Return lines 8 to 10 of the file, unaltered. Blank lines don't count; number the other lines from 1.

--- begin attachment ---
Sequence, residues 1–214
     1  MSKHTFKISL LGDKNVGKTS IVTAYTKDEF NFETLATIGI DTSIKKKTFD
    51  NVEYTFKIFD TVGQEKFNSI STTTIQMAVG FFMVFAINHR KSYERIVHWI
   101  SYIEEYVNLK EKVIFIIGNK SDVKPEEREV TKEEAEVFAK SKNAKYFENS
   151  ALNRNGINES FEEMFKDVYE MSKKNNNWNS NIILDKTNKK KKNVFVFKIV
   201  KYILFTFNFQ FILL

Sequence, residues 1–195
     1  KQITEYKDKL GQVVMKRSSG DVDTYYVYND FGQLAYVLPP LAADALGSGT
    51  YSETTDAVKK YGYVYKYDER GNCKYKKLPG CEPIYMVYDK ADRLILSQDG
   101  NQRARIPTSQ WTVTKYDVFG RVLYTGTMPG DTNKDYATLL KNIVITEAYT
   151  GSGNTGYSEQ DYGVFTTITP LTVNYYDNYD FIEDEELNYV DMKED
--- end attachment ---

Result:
     1  KQITEYKDKL GQVVMKRSSG DVDTYYVYND FGQLAYVLPP LAADALGSGT
    51  YSETTDAVKK YGYVYKYDER GNCKYKKLPG CEPIYMVYDK ADRLILSQDG
   101  NQRARIPTSQ WTVTKYDVFG RVLYTGTMPG DTNKDYATLL KNIVITEAYT